Shorts: U.S.

Green Party calls for Israeli divestment

Likening Israel to apartheid-era South Africa, the Green Party of the United States has called for boycotting of Israeli products and divestment from the Jewish state.

Following a vote at the general meeting of Green Parties throughout the United States, the national party last week adopted the plank put forward by the Wisconsin delegation, which was adapted from a campus anti-Israel petition.

“Israel’s treatment of Palestinians — those who are Israeli citizens as well as those in the territories — is comparable in many ways to South African apartheid, and has resulted in a cycle of violence and lack of security for both Israelis and Palestinians,” said Mohammed Abed, a member of the Green Party of Wisconsin.

Presbyterians blasted for meeting with Hezbollah

chicago (ap) | The top Presbyterian church official in Chicago has angered Jewish leaders in this city who say a meeting he and other Presbyterians had with Hezbollah last month was “unconscionable.”

The Rev. Bob Reynolds, head of the Chicago Presbytery, said the meeting in southern Lebanon took place in early November and was part of a tour of the Middle East.

The White House has labeled Hezbollah as a terrorist group.

“It is unconscionable that Presbyterian leaders would meet with Hezbollah, which our government designates as a foreign terrorist organization,” Lonnie Nasatir, regional director of the Anti-Defamation League, said in a statement last week. “Hezbollah has a track record of terror that is unambiguous. It pioneered the use of suicide bombing in the Middle East.”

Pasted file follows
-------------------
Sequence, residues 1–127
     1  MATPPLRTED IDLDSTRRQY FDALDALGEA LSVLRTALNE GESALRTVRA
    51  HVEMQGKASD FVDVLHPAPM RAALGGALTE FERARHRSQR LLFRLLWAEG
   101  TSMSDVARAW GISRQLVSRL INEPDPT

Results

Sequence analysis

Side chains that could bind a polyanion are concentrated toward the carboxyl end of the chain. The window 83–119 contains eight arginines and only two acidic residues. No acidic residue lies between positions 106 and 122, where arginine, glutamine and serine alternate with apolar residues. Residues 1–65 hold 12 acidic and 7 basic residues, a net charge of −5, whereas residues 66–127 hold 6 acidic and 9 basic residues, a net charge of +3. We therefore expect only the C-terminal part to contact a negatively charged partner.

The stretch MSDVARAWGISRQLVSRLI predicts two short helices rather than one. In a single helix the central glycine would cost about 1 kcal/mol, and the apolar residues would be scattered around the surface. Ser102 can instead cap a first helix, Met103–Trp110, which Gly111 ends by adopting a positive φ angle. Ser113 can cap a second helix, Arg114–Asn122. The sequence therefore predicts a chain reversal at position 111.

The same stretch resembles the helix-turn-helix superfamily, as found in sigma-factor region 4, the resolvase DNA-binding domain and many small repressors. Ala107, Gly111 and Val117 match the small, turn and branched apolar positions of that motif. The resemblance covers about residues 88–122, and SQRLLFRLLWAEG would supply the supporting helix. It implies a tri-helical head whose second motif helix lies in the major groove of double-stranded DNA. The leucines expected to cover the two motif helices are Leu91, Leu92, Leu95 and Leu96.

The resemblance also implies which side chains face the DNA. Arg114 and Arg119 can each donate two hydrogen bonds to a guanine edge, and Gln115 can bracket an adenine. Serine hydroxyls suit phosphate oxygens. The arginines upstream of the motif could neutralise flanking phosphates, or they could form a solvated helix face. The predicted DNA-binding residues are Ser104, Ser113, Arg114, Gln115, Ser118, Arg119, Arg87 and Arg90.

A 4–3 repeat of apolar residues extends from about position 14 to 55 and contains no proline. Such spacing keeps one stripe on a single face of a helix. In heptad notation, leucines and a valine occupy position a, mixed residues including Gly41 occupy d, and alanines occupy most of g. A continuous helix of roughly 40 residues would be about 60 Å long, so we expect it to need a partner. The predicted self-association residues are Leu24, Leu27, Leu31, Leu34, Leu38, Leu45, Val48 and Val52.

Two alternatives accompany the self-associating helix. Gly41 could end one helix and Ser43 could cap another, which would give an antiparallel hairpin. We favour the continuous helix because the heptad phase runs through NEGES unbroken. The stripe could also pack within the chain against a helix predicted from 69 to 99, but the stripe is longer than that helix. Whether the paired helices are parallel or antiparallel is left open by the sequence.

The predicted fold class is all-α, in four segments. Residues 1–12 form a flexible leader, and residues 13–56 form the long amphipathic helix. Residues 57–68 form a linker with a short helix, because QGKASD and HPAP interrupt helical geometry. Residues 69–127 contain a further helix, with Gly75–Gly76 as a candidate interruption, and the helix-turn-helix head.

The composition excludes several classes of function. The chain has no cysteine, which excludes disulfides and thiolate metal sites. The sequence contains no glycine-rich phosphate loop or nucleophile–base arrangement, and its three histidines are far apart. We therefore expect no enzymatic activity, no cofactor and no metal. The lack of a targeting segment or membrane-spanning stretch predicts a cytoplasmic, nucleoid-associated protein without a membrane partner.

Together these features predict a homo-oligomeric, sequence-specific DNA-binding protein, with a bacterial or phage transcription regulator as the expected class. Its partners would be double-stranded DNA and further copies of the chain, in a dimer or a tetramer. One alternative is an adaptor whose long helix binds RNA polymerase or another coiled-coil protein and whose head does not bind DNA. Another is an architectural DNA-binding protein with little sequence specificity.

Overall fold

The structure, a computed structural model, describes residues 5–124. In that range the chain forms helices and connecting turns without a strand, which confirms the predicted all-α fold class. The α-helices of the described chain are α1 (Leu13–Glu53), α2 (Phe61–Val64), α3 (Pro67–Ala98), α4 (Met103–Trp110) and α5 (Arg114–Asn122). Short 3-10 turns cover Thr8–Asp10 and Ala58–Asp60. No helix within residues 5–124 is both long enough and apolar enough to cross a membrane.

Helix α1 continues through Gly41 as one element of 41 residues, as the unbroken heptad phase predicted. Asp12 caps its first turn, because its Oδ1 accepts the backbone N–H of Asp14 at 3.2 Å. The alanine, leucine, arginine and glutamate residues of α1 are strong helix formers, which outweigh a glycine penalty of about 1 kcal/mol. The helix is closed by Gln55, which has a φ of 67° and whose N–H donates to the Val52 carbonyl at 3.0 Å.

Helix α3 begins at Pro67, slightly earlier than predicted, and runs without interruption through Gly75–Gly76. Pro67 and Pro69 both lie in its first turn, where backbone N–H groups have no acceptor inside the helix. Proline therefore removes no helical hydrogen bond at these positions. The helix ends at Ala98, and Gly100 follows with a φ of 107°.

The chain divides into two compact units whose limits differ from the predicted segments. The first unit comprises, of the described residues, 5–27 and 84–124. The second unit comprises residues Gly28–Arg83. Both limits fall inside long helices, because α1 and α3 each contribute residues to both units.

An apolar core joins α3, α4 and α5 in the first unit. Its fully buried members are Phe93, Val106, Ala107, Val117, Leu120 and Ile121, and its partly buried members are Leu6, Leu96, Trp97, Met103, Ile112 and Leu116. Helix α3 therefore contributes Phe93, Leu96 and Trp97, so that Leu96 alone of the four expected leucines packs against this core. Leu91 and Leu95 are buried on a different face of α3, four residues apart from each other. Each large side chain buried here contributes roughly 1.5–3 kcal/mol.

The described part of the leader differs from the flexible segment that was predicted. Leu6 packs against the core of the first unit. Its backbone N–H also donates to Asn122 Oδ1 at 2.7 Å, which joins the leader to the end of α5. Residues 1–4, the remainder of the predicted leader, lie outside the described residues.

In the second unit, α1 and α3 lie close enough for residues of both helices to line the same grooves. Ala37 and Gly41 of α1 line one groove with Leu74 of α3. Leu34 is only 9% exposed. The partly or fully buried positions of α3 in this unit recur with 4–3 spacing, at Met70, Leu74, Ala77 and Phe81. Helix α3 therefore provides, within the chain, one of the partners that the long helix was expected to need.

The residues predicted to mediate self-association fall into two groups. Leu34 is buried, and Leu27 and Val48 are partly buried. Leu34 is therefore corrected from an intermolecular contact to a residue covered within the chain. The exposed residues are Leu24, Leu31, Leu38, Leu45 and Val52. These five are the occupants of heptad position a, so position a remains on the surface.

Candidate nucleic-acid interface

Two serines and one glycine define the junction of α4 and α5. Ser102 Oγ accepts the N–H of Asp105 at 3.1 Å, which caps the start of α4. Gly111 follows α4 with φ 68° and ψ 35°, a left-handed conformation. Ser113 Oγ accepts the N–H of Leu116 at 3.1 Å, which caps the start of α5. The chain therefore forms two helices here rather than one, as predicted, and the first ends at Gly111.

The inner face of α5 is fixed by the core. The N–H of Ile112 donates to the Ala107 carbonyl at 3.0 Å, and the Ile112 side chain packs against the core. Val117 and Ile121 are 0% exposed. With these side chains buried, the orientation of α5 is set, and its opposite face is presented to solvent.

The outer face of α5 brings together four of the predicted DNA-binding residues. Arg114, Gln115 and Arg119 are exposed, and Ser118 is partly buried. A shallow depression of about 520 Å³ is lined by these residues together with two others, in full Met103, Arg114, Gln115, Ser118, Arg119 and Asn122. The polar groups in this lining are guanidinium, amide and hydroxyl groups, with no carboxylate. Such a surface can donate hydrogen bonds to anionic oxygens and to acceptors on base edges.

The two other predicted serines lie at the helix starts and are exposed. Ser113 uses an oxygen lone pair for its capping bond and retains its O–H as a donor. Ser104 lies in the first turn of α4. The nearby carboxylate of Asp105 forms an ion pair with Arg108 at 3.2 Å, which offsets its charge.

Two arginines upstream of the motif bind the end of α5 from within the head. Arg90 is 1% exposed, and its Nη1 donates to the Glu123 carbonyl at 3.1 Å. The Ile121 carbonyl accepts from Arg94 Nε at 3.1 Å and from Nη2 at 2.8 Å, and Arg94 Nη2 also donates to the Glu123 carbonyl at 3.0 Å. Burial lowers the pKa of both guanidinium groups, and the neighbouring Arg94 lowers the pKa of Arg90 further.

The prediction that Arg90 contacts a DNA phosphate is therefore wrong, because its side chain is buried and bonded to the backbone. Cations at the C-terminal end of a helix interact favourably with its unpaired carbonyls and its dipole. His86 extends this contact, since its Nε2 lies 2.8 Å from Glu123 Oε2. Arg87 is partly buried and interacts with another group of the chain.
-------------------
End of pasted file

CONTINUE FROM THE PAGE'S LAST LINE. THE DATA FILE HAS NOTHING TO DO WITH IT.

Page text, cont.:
The criticism comes a little more than a year after two employees of the national church were fired for planning an unauthorized meeting with the Lebanese group.

Florida professor acquitted on many terrorism charges

tampa, fla. (ap) | A former Florida professor accused of helping lead a terrorist group that has carried out suicide bombings against Israel was acquitted on several charges Tuesday, Dec. 6, and the jury deadlocked on the other counts.

The case against Sami Al Arian, 47, had been seen as one of the biggest courtroom tests yet of the Patriot Act’s expanded search-and-surveillance powers.

Al Arian, a former University of South Florida computer engineering professor, will return to jail until prosecutors decide whether to retry him on the deadlocked charges.

Federal prosecutors said Sami Al Arian and his co-defendants acted as the communications arm of the Palestinian Islamic Jihad, spreading the word and raising money that went toward the suicide attacks that have killed hundreds.